TRR photo by Laurie Stuart

Love that pumpkin pie!

When I was a kid, my favorite part of Thanksgiving dinner was dessert. Pumpkin pie, that is. I like the flavor. I like the texture. I like it served with real whipped cream.  And I especially like that the filling is a relatively healthy serving of protein, calcium and vegetable.  And you know, if you’re gluten intolerant you can simply leave off the crust!


My mother always made her own crusts.


Throwing one cup of flour into a bowl, and using a pastry blender, she would toss in ½ teaspoon of salt and cut in 1/3 cup of shortening and approximately 3 tablespoons of ice water, adding it a little at a time by gently pushing the flour mixture around until it starts to clump into a ball. Then, she’d dump the whole thing in the middle of a piece of wax paper, draw up the corners and shape it into a ball. After letting it chill in the refrigerator, she’d get out her wooden rolling pin, which was covered with a cotton sleeve, and open up her rolling cloth—a piece of canvas that was perpetually covered with flour. She’d put the ball in the middle of the cloth, and begin to flatten it by pushing the rolling pin down on it. When it was about 1 inch thick, she’d begin to roll it out to about 1/8 inch thick, invert a pie plate on it and draw a larger circle another ½ inch out from the edge, and cut out the larger circle. Then she’d line the pie tin with the crust (whoosh that’s an old reference to tin plates!), tuck under the extra edge, and flute it between the thumb and index finger on her left hand and her index finger on the right.


She didn’t waste the scraps left over after cutting out the circle, either. She’d scoop them up, put them into the waxed paper and refrigerate them until she’d finished putting the pie together. Then she’d roll the dough out, brush a little bit of melted butter on it, cover it with cinnamon sugar, cut it into strips, place on a cookie sheet and bake it as a snack (8-10 minutes in a 350° oven).


Me, I use prepared crusts. Pillsbury or store brand—either works for me. I unroll the crust, lay it in the pie plate, fold under the edge and do the same fluting. Then I move onto the filling.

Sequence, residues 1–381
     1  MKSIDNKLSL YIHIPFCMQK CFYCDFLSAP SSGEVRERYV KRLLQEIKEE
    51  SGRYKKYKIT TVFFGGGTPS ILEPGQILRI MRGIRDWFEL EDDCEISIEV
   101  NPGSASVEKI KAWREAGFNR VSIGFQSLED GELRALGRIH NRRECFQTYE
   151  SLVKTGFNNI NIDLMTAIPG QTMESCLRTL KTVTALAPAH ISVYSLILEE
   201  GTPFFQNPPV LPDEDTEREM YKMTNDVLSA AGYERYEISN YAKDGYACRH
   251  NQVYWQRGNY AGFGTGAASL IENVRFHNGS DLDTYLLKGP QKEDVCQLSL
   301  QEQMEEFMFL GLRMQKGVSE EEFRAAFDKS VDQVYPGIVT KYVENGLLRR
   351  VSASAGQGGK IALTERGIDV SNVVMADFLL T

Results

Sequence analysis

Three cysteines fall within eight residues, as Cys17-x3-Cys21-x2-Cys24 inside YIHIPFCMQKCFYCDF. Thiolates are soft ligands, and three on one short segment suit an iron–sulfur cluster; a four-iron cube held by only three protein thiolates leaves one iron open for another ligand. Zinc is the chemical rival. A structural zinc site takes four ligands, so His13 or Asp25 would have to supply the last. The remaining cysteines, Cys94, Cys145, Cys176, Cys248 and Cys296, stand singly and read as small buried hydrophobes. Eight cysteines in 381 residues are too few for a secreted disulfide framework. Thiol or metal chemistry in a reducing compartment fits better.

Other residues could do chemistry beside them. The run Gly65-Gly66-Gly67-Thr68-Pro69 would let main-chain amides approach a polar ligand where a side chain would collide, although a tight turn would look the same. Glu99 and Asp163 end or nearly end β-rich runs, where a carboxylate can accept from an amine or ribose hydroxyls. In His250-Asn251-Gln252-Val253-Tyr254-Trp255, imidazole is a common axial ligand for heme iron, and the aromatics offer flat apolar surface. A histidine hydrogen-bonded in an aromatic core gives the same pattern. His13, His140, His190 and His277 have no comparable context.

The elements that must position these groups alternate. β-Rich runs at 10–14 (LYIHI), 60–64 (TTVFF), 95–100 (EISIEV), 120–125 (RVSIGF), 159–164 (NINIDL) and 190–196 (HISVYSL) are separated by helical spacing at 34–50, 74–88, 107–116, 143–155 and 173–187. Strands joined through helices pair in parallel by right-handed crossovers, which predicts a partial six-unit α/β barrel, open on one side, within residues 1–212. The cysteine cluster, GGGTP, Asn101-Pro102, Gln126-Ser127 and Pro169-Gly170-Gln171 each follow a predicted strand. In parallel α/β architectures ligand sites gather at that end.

The pumpkin pie filling is pretty simple. You can use fresh pumpkin that has been cut into sections and steamed then pureéd or you can use canned pumpkin. Here’s my recipe for two nine-inch pies.  If you want to make only one pie, use a 15-oz. can of pumpkin and half of all of the other ingredients.



2 nine-inch pie crusts, homemade or prepared—Pillsbury, $3.49

4 cups fresh cooked pumpkin or one 27oz. canned pumpkin (not pie filling)—IGA $2.59

1 ½ tsp. cinnamon—$0.19

1 tsp. nutmeg—$0.25

1 tsp. ground ginger—$0.17

1/2 tsp. salt—less than one cent

4 eggs—$1.00

½ cup brown sugar (IGA on sale at Pete’s and Pecks through Sunday)—$0.20

½ cup granulated white sugar—$0.16

2 14-oz. cans evaporated milk (IGA on sale at Pete’s and Pecks through Sunday)—$1.98)

TOTAL COST: $10.03


Approximate price per slice (2 pies, 8 slices each): $0.63



After preparing the crust, place the pumpkin into a mixing bowl; add spices. (Some people like to add ¼ teaspoon cloves in addition to the spices I list, but I generally leave it out.) Beat in eggs, and then the evaporated milk and salt. Beat until smooth and creamy.

Pour into pie crust and bake at 425° for 15 minutes. Reduce temperature to 350° for an additional 35-40 minutes.

Let cool before serving.

To make your own whipped cream: put a small mixing bowl and beaters into freezer for 15 minutes or so. When cold, add 1 cup heavy cream and 2 tablespoons granulated sugar and beat until it forms peaks.

As you can see, my pumpkin pie recipe and memories are fairly simple. Sweet and grounding, too. 


How about you? Have memories around your favorite pumpkin dessert? Share recipes and photos at


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